The Power Of Habit
My whole life I drove manual transmission cars. Shifting was almost as natural as breathing. I hardly had to think about pushing the clutch with my left foot and changing the gears with my right hand.
It was a habit…that is, until two years ago, when I bought my first automatic.
The funny thing is, I still sometimes reach for the shifter and insist on putting on the emergency brake when I park.
Though driving an automatic car is easier, I still find myself occasionally resorting to old habits.
Habits are like police characters in TV shows. Just like there are good cops and bad cops, there are good habits and bad habits.
Some we want to break; others we want to develop.
By understanding how habits work and what triggers them, we can make conscious changes and get control of our life!
That’s the theory behind, The Power of Habit: Why We Do What We Do in Life and Business, by New York Times reporter Charles Duhigg.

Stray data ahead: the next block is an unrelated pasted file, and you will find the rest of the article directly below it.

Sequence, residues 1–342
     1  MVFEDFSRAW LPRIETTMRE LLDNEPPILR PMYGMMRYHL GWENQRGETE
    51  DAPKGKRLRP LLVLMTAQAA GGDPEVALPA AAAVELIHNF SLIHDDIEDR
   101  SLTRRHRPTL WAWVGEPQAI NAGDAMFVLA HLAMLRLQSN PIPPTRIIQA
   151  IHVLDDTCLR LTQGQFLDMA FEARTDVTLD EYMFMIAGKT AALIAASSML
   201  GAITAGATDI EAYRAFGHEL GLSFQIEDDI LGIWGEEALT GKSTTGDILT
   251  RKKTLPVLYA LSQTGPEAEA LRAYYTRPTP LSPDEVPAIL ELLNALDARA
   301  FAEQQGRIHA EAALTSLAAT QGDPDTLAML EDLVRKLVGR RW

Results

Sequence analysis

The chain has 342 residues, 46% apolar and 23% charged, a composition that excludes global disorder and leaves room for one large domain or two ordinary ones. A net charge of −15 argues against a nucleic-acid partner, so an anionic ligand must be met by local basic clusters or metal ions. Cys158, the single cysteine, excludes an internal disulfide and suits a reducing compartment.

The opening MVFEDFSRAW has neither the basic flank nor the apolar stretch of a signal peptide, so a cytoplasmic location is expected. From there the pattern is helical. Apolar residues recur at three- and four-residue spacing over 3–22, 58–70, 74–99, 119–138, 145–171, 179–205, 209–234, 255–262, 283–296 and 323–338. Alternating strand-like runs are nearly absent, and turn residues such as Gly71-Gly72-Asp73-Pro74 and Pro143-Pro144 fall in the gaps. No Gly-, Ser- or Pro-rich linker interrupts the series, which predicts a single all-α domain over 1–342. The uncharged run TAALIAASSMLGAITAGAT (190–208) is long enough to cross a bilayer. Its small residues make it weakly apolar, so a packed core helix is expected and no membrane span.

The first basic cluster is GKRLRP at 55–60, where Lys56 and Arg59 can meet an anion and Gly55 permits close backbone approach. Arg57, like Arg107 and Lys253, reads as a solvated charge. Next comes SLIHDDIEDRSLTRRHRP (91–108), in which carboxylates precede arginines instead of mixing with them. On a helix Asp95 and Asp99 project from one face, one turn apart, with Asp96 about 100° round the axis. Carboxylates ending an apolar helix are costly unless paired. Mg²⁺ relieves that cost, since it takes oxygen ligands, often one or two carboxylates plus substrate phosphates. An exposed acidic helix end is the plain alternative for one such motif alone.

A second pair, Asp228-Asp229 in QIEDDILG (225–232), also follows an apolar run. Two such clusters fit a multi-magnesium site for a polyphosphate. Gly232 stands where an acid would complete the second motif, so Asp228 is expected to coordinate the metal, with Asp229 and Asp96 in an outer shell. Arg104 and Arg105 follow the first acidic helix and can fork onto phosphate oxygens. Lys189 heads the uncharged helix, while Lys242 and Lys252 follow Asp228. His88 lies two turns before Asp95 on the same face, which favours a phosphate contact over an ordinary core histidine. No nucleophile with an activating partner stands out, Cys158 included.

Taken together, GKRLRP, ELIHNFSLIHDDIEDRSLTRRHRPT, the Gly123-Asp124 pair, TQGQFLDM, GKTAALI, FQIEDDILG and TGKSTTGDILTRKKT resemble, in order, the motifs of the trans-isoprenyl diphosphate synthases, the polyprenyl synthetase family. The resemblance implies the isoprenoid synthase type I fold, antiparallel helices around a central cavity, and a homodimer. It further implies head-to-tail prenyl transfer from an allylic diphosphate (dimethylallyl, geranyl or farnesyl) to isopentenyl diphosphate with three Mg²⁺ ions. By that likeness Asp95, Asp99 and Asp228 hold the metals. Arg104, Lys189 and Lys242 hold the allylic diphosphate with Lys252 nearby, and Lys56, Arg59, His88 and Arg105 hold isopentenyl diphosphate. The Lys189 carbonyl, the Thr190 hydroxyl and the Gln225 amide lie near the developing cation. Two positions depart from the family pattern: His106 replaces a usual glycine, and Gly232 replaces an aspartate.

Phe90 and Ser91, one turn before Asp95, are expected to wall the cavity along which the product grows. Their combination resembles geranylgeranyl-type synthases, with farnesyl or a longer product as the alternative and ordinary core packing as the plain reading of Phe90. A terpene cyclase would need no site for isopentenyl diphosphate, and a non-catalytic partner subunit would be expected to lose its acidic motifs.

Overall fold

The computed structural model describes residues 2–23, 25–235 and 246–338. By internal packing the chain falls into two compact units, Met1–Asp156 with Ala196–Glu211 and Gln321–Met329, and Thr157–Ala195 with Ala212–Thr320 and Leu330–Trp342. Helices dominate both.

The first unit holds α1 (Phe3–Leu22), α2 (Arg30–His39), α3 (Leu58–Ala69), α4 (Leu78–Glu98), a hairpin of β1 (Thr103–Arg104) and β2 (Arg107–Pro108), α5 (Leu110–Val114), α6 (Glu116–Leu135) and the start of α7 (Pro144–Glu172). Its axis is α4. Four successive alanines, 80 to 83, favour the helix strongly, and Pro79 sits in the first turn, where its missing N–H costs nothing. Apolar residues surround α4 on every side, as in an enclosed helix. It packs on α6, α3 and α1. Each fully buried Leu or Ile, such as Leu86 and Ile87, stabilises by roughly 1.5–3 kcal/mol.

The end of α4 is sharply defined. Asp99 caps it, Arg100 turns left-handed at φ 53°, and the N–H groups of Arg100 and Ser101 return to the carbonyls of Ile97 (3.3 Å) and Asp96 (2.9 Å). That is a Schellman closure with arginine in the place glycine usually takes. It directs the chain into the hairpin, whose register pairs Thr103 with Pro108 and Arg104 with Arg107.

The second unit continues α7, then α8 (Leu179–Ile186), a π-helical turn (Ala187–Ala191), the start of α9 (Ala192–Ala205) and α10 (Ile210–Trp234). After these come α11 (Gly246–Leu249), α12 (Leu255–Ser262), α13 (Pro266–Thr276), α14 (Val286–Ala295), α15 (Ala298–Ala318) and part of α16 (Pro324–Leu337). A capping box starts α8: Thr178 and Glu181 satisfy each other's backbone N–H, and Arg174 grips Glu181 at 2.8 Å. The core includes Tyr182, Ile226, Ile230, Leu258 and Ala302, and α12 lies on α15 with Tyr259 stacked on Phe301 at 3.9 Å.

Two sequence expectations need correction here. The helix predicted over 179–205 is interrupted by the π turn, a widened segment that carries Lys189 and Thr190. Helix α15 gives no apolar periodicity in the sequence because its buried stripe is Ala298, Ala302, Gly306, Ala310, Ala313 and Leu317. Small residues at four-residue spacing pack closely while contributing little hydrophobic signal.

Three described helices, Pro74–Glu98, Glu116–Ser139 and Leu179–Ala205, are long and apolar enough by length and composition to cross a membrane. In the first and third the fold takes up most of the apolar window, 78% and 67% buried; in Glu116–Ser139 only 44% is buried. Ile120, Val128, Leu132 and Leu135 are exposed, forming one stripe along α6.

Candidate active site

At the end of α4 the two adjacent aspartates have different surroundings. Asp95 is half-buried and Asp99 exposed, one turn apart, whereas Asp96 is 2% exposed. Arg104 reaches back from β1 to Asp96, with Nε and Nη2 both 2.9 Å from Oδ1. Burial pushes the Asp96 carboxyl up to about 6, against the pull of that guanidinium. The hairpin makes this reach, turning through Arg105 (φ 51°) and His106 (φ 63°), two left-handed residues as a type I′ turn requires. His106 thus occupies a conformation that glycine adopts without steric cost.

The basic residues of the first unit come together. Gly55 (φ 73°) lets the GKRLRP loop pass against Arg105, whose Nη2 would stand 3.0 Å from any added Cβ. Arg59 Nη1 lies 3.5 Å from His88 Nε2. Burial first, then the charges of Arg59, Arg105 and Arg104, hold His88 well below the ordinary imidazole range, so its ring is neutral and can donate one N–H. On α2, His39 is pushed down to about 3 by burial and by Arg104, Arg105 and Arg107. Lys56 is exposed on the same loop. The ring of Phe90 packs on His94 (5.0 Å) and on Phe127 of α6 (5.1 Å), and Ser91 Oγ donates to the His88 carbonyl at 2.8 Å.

I listened to the book over the holidays, which seemed like a timely addition to my toolkit for the new year.
The book is a fascinating study into why we do what we do, with real steps on how to change.
The book isn’t a pipedream; Duhigg read hundreds of studies on habit formation from social science, neuroscience and psychology, to come up with his theory.
What he offers is both insight and practical.
His basic premise is that habits involve 3 key steps: cue, routine and reward. Learning to recognize and manage these 3 steps can empower us to make lasting changes.
Check out this short video review that reviews the concept.